The result of the extensive public outreach was a comprehensive package of temporary service alternatives that include:

  • Additional subway service on seven lines
  • Five new high-frequency Select Bus Service routes
  • A new peak-hour limited-stop bus route between Canarsie and Crown Heights
  • Increased service on existing bus routes that link l customers to alternative subway routes
  • A new ferry service between Williamsburg in Brooklyn and Stuyvesant Cove at East 20th Street and Avenue C in Manhattan
  • NYC Transit continues to solicit feedback and plans to make adjustments to the alternate service plans if needed.

In addition to rebuilding the l tunnel, NYC Transit also plans to make improvements at several l stations as well as other stations that will be used by l customers seeking alternative service.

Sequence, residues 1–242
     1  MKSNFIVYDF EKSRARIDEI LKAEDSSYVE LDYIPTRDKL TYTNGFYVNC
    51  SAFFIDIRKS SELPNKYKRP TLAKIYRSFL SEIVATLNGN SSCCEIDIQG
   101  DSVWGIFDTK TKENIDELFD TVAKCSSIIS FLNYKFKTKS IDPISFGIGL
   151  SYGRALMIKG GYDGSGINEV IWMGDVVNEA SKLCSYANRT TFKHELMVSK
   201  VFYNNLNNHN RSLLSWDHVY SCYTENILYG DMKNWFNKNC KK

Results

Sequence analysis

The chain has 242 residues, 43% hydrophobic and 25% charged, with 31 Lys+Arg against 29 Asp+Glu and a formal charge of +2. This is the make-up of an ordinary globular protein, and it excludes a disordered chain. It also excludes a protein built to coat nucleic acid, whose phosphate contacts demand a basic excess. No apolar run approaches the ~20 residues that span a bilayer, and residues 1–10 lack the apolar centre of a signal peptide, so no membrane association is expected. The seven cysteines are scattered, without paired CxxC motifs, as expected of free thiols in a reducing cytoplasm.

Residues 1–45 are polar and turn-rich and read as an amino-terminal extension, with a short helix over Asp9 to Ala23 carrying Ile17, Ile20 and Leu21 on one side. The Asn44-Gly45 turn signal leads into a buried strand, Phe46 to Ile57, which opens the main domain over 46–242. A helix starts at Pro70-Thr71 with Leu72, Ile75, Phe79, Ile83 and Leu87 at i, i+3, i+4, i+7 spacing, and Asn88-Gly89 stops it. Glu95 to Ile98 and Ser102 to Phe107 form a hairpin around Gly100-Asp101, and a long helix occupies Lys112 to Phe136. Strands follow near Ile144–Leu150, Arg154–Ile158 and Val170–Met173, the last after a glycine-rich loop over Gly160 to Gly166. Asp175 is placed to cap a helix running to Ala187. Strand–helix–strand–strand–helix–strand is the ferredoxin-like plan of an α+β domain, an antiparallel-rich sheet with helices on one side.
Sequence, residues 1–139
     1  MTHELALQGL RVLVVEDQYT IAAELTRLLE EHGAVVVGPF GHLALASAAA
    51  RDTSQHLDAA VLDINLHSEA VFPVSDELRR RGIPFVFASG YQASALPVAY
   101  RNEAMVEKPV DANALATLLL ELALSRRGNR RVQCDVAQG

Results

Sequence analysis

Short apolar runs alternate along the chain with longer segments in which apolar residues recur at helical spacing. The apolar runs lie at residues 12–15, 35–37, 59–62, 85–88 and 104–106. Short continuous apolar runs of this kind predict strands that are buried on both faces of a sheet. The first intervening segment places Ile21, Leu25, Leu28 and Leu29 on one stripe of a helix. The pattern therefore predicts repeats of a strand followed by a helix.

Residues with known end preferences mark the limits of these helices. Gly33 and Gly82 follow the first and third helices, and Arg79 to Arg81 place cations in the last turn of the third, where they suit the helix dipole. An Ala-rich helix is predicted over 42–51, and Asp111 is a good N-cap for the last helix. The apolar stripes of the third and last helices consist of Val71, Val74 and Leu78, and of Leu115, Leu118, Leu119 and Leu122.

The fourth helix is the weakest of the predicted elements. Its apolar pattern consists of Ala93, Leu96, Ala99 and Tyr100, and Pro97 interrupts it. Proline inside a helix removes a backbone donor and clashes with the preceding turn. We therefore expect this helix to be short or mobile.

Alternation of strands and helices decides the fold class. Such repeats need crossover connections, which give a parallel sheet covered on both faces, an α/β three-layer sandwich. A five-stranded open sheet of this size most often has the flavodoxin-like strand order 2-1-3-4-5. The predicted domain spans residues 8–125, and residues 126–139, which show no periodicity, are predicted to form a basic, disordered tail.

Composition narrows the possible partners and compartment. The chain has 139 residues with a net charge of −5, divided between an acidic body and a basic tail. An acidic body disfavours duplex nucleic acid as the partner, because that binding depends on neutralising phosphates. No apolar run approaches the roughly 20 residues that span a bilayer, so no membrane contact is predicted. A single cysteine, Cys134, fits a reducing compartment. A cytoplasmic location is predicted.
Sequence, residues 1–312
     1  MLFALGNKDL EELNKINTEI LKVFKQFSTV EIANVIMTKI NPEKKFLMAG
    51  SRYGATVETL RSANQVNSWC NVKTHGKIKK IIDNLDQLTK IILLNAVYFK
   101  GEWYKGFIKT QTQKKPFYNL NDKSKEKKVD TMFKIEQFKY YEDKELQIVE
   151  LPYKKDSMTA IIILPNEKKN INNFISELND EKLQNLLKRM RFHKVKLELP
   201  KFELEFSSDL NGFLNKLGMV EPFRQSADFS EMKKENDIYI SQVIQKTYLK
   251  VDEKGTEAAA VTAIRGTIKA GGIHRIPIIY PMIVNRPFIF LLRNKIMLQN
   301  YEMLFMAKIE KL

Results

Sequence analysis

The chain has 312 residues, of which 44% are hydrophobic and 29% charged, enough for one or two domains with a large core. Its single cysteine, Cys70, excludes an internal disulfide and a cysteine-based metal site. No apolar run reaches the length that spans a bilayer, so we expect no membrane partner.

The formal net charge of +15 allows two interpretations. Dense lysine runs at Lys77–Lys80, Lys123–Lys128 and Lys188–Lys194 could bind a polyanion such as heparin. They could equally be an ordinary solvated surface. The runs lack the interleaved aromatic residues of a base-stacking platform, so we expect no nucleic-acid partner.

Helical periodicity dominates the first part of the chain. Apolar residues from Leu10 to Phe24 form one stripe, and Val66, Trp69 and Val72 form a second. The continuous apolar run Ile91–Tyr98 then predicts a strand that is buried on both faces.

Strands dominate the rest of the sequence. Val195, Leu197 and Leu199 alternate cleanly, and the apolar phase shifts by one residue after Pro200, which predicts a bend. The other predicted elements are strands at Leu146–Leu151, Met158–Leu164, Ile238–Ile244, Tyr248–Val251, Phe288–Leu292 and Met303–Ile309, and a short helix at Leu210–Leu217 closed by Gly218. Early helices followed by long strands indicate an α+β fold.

Information on the l train tunnel repairs, the alternate service changes and the station improvement projects are available here.

  • Larry Littlefield

    My question is why is the right answer for the L train shutdown — rip the bandaid off and get it over with as fast as possible — the wrong answer for the BQE Viaduct reconstruction?

    https://larrylittlefield.wordpress.com/2018/10/27/why-is-the-right-answer-for-the-l-train-the-wrong-answer-for-the-bqe/

  • FlappyArms

    Assuming you need a 6-lane highway running along the waterfront, the fast BQE repair option is definitely better. Some people disagree with that premise, and think the best option is scaling the it back or decommissioning it. I’m unsure.

  • Andrew

    DOT Commissioner Polly Trottenberg called the Williamsburg Bridge a “bus bridge” in her statement.

    No, she didn’t.

    She said that a bus bridge – lingo for a substitute bus service (remember this) – will operate over the Williamsburg Bridge.

    Please don’t try to read more into her words than the said.